· Have certain medical conditions (e.g., sleep apnea, reduced kidney or liver function)

· Have a history of OUD or are taking medicine to treat OUD

· Have experienced a previous opioid overdose

The new FDA recommendations ask providers to consider prescribing naloxone to:

· Patients who are prescribed an opioid pain reliever and are at increased risk of an opioid overdose

· Patients who are at increased risk of an opioid overdose, even if they are not receiving a prescription opioid

· Patients who are prescribed an opioid pain reliever and have household members, including children, or other close contacts at risk for accidental ingestion or opioid overdose

· Patients who are prescribed medicines to treat OUD (strong recommendation)

What are the symptoms of an opioid overdose?

The signs of an opioid overdose include:

· Snoring, gasping, or gurgling sounds

· Slow or shallow breathing, stopped breathing

· Slow heart rate and low blood pressure

· Mental confusion or slurred speech

· Limpness of the body, loss of consciousness

· Difficulty waking up

· Intoxicated behavior

· Pale face, blue cast or ashen lips and nails

· Pinpoint (very small) pupils

· Clammy skin

· Vomiting

What should you do if someone is overdosing?

If you witness someone overdosing on an opioid, call 911 right away! This is a medical emergency. Call for help immediately. If they are semiconscious or unconscious, turn the person on their side with knees slightly bent to keep the airway clear and prevent choking if they vomit. Do NOT put the person in a cold shower, slap or drag them around to wake them up, or try to get them to vomit. Give naloxone if the medicine is available. If you think someone has overdosed on an opioid but are not certain, you should still give naloxone. The medicine will not injure a person who has not overdosed on an opioid.

How can I get naloxone?

All 50 states and the District of Columbia have expanded consumer access to naloxone. In many instances, a pharmacist is allowed to dispense the medicine rather than requiring a physician’s prescription. However, there appears to be push in the US to make naloxone available over-the-counter (OTC), so people can purchase it directly from store shelves.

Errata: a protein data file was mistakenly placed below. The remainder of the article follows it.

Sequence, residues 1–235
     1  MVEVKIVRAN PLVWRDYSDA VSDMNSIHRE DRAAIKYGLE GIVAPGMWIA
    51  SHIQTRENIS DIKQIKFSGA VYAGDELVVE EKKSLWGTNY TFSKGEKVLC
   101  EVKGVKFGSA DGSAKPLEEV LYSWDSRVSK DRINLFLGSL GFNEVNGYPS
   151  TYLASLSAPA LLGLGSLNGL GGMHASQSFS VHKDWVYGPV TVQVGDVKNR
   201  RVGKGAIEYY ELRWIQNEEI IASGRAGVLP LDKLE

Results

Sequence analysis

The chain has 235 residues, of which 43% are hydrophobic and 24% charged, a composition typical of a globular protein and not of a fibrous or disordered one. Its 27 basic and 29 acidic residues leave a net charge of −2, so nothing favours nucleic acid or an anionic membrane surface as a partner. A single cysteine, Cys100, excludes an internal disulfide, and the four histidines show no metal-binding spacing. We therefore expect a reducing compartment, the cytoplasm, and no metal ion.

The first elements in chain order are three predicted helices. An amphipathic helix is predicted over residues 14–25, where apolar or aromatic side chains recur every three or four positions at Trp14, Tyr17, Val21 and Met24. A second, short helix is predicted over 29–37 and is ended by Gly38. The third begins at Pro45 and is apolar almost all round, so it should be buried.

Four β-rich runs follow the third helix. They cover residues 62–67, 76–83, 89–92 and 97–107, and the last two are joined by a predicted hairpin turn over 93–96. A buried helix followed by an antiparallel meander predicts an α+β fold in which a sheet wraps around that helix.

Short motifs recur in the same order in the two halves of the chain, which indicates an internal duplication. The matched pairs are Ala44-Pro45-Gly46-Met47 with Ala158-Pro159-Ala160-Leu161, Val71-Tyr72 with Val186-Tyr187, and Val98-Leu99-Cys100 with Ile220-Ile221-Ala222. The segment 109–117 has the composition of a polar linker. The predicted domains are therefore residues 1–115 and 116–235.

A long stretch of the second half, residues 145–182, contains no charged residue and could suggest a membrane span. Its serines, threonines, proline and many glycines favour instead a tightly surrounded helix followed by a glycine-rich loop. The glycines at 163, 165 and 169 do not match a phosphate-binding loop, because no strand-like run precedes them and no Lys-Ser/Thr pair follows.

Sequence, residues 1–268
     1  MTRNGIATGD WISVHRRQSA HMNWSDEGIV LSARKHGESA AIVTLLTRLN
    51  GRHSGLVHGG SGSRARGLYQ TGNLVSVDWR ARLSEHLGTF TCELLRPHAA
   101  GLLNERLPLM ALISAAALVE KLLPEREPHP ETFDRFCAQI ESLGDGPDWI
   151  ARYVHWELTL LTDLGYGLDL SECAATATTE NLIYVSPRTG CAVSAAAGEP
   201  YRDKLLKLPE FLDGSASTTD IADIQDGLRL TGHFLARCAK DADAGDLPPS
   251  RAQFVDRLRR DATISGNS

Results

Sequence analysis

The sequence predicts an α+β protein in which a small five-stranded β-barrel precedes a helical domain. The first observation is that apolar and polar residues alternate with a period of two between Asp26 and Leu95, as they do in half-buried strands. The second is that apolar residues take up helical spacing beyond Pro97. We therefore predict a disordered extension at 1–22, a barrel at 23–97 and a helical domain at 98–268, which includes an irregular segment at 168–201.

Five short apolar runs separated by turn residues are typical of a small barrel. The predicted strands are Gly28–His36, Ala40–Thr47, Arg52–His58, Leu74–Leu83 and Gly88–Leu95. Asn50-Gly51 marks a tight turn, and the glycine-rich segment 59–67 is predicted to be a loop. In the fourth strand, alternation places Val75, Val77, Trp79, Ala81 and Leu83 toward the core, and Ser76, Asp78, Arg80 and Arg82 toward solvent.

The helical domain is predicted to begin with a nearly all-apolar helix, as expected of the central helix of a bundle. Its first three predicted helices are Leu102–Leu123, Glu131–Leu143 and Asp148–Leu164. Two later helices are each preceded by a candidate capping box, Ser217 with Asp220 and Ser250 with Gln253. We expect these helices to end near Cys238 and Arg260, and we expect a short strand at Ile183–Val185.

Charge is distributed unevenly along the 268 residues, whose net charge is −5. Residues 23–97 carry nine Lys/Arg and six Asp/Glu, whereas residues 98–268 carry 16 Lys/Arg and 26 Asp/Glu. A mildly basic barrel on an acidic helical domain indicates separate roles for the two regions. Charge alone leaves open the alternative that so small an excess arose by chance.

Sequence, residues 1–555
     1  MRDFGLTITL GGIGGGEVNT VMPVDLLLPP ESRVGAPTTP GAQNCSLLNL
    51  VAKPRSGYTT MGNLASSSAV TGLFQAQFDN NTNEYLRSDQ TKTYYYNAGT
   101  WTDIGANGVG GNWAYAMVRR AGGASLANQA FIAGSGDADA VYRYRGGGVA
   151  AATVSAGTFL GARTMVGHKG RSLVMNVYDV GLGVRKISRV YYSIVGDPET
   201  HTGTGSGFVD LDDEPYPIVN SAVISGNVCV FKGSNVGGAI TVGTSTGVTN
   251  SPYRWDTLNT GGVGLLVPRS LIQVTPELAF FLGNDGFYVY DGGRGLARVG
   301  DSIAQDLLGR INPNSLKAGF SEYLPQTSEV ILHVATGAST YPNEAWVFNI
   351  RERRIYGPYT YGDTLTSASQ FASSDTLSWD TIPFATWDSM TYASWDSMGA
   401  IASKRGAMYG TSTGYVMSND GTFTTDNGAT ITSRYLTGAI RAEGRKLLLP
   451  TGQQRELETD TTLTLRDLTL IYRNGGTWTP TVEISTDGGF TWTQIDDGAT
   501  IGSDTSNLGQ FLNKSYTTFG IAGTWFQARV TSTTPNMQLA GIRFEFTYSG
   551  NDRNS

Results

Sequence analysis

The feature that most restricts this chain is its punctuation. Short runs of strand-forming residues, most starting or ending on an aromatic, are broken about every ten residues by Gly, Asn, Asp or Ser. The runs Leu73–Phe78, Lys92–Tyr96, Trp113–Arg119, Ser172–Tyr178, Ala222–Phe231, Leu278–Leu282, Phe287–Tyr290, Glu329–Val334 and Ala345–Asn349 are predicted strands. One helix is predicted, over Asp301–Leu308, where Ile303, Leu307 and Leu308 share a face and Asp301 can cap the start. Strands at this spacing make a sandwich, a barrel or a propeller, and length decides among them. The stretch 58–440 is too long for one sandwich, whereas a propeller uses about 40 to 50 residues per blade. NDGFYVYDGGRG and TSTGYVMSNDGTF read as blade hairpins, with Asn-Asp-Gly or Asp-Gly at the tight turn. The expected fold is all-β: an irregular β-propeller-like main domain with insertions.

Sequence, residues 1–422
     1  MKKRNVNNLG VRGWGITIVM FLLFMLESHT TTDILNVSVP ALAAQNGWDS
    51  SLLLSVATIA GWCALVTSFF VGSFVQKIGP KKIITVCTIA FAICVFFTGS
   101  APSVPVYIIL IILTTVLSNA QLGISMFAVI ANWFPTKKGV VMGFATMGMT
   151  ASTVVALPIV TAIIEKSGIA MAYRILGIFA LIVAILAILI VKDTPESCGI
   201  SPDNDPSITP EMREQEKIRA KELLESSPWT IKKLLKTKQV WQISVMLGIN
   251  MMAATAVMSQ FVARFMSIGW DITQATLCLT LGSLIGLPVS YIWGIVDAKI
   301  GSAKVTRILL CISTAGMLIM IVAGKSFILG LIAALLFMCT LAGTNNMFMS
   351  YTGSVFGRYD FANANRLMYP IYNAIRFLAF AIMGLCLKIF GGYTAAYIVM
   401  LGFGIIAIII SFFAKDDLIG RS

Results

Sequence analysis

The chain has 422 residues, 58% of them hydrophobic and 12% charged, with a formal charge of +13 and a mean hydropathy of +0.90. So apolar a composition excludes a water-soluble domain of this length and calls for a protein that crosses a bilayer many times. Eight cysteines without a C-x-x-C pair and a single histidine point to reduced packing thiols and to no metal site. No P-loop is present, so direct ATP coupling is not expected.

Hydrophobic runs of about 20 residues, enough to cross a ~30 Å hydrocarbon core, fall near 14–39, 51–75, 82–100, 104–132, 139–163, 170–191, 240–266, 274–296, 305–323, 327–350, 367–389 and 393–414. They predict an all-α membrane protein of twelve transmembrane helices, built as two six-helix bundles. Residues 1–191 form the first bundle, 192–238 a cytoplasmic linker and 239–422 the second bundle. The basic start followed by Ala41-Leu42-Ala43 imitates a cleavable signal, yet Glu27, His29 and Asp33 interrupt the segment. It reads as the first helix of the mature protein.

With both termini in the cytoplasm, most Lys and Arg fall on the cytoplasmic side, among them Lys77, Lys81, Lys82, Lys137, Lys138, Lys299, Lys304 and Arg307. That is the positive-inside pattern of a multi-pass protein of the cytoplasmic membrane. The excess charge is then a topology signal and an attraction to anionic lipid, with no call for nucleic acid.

To determine whether consumers can safely and effectively use the OTC medicine without guidance from medical professionals, the FDA launched a study. The agency first designed a model Drug Facts label for naloxone. All OTC medicines have a Drug Facts label that tells you how, when, and how often to use the medicine, along with other important information that is always presented in the same format. The agency then interviewed more than 700 adults and adolescents to rate their understanding of key instructions for using naloxone. The consumers met all targets for understanding the label except one—the need to call 911 immediately—although they did not miss this target by much. Overall, FDA concluded that the model label would guide the safe use of naloxone if it would become an OTC medicine.

For now, until (or if) naloxone is approved for OTC purchase, talk to your healthcare provider or pharmacist about the need for naloxone if you believe you or a family member are at risk for opioid overdose, or you are in a position to give naloxone to another at risk for opioid overdose.